The ADCs used in power metering need not have high sample rates nor
low noise; a few LSBs of noise are actually good. We are trying to
gather statistics on millions of samples of the E*I product, not
reproduce the waveforms. The Sampling Theorem doesn't apply here.

I sold hundreds of thousands of channels of AC power metering that
used single-slope ADCs sampling at around 27 Hz.



--

John Larkin Highland Technology, Inc

lunatic fringe electronics

whit3rd
Guest

Sun Jan 06, 2019 9:45 pm   



On Sunday, January 6, 2019 at 11:10:39 AM UTC-8, gnuarm.del...@gmail.com wrote:
> My understanding is that utility meters measure instantaneous voltage and current (simultaneously) at a rate much higher than the AC period ...

Yes, so far so good.
>and use the sum of the products over a time period (typically a multiple of the AC period) to measure power.

Not required; those products ARE the instantaneous power, and they sum to reach the
real goal, the energy-delivered (kWh) reading. The meter just accumulates and scales
according to its time-calibration of the measurement period.

Quote:
Then apparent power is calculated (if needed) by calculating the RMS of each the voltage and current over the same time period and calculating the product. From these two the reactive power and power factor can be calculated.

Most utility meters don't display such detail. Whether they calculate/record/report it, though,
is uncertain. My (new, digital) meter is less forthcoming than the old moving-dials one,
you cannot see the power (energy use rate) spinning a disk, you have to
watch, capture two digital measurement energy displays, use a stopwatch...


Guest

Sun Jan 06, 2019 10:45 pm   



On Sunday, 6 January 2019 19:10:39 UTC, gnuarm.del...@gmail.com wrote:

Quote:
My understanding is that utility meters measure instantaneous voltage and current (simultaneously) at a rate much higher than the AC period and use the sum of the products over a time period (typically a multiple of the AC period) to measure power. Then apparent power is calculated (if needed) by calculating the RMS of each the voltage and current over the same time period and calculating the product. From these two the reactive power and power factor can be calculated.

Did I leave out anything important? Or did I completely misunderstand what is going on?

Rick C.

- Get 6 months of free supercharging
- Tesla referral code - https://ts.la/richard11209


Most are electromagnetic followed by a mechanical gear train adder. They are insensitive to imaginary power.


NT

Mike
Guest

Sun Jan 06, 2019 11:45 pm   



On 1/6/2019 12:19 PM, Lasse Langwadt Christensen wrote:
Quote:
søndag den 6. januar 2019 kl. 21.01.27 UTC+1 skrev whit3rd:
On Sunday, January 6, 2019 at 11:10:39 AM UTC-8, gnuarm.del...@gmail.com wrote:
My understanding is that utility meters measure instantaneous voltage and current (simultaneously) at a rate much higher than the AC period ...

Yes, so far so good.
and use the sum of the products over a time period (typically a multiple of the AC period) to measure power.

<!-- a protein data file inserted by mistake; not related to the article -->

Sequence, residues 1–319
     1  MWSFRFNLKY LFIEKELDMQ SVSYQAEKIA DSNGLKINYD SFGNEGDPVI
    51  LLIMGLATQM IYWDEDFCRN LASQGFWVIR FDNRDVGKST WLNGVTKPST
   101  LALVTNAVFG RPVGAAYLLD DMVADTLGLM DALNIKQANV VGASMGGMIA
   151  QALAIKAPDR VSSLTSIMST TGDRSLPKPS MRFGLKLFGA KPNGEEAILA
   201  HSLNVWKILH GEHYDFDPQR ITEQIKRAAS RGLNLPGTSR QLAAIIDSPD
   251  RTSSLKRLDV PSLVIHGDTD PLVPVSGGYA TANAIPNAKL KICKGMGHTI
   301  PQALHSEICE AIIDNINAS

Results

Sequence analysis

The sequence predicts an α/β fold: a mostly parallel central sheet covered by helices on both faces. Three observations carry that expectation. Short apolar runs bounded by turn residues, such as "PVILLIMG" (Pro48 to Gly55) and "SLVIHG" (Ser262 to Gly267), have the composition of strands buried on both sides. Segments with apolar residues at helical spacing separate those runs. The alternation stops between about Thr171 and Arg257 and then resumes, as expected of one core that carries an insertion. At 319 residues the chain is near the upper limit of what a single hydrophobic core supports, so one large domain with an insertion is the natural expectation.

Not required; those products ARE the instantaneous power, and they sum to reach the
real goal, the energy-delivered (kWh) reading. The meter just accumulates and scales
according to its time-calibration of the measurement period.

Then apparent power is calculated (if needed) by calculating the RMS of each the voltage and current over the same time period and calculating the product. From these two the reactive power and power factor can be calculated.

Most utility meters don't display such detail. Whether they calculate/record/report it, though,
is uncertain. My (new, digital) meter is less forthcoming than the old moving-dials one,
you cannot see the power (energy use rate) spinning a disk, you have to
watch, capture two digital measurement energy displays, use a stopwatch...

here I think they all have an LED that flashes once per Wh

If you have an old PDA, like a Palm Pilot, with an IR sensor, it's
relatively
easy to read/log those flashes to track usage.

Lasse Langwadt Christense
Guest

Sun Jan 06, 2019 11:45 pm   



søndag den 6. januar 2019 kl. 22.48.13 UTC+1 skrev Mike:
Quote:
On 1/6/2019 12:19 PM, Lasse Langwadt Christensen wrote:
søndag den 6. januar 2019 kl. 21.01.27 UTC+1 skrev whit3rd:
On Sunday, January 6, 2019 at 11:10:39 AM UTC-8, gnuarm.del...@gmail.com wrote:
My understanding is that utility meters measure instantaneous voltage and current (simultaneously) at a rate much higher than the AC period ...

Yes, so far so good.
and use the sum of the products over a time period (typically a multiple of the AC period) to measure power.

Not required; those products ARE the instantaneous power, and they sum to reach the
real goal, the energy-delivered (kWh) reading. The meter just accumulates and scales
according to its time-calibration of the measurement period.

Then apparent power is calculated (if needed) by calculating the RMS of each the voltage and current over the same time period and calculating the product. From these two the reactive power and power factor can be calculated.

Most utility meters don't display such detail. Whether they calculate/record/report it, though,
is uncertain. My (new, digital) meter is less forthcoming than the old moving-dials one,